3. The pig should be killed, but the young man should be hog-tied and annointed with strongest cider and his spirit dedicated to the Hogfather. If the Hogfather was so weak that he needed the young man's strength to see him through the winter, then he would take his life - otherwise, the pig would be sufficient and the young man would be released after the ceremony.

4. The requirement of virginity was waived, but if there was even the teeniest, tiniest shadow of a doubt that the man in question had not been a virgin before the ceremony, then it was upto the every women in the village to make absolutely sure that he wasn't afterwards, otherwise bad luck might result.

Amazingly, the witch's proclamation brought forth a sudden surge of volunteers who weren't quite as sure of their lack of virginity as they had been the day before. One young man is reported to have asked: "Does it count if she only comes once?"

And thus, the custom became established. Every Hogswatch night, a young man is hog-tied and annointed with cider (in some of the more southerly villages, an apple is placed in his mouth, but this is considered a barbaric innovation by many). A pig is sacrificed and at the hour of midnight, all wait to see if the young man's life will be forefit.

So far, none have died, but there is a belief among those villages that it is actually the willingness of these young men to sacrifice both their lives (and their virginity) that makes their sacrifice so acceptable to the Hogfather.

Blance Ponsonby wrote extensively about this custom, but sadly, the pages dealing with the key activities of the sacrifice and the festivities of the young women on the morning afterwards were lost in an accdient when polo pony slid down into one of the steep mountain valleys (or so Blanche wrote in her diary). This loss is felt keenly by scholars as Blanche was a true anthropologist and debate has existed ever since as whether she was able to participate in the rites herself.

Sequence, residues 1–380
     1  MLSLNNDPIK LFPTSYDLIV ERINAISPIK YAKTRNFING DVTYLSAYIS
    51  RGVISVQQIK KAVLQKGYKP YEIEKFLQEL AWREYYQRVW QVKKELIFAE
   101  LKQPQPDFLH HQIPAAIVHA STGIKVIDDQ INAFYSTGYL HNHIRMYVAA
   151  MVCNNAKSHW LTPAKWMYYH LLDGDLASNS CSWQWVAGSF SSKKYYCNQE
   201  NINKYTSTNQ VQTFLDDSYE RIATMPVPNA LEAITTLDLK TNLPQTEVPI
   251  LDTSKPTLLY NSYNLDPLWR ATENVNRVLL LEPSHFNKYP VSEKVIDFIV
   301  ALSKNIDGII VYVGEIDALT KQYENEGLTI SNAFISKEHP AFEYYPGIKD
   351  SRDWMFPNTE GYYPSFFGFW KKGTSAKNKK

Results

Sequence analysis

History will never know, but there are apocryphal stories that her sons who went to sea learnt more about rope from her than they ever did from the navy...


There's a 16 year old boy coming to our Hogswatch party ...
Speaking as a witch (well, I appear to be coming dressed as one), I wouldn't care to tie up a stranger, but if you want a re-enactment of the ritual recorded by Lady Blanche, then I might be able to talk dougs into being sacrificed... (as long as you don't think anyone would run a mile/get upset)
Lady Blanche's writings imply that the young man's clothing is traditionally removed for the ceremony. Later critics, especially those who have spent a winter in the Ramtops, have pointed out that this is self-evident nonsense.

Needless to say, this has not prevented the publication of a limited edition of Lady Blanche's work with some rather fanciful illustrations.

One Esme Weatherwax, when interviewed by a later researcher about the custom, was reported to have 'accdientally' dropped the illustrated version into a bog. "He's nekkid in his head - any fool can see that. Don't need no clothing removed."

Oddly enough, this remark failed to find it's way into print, but the researcher's plans for an additional volume depicting the naked rituals of witches were inexplicably cancelled. When questioned on this by his publisher, he just muttered something about his life expectancy and retired to a nice safe job mucking out swamp dragons.
boar's head

December 2008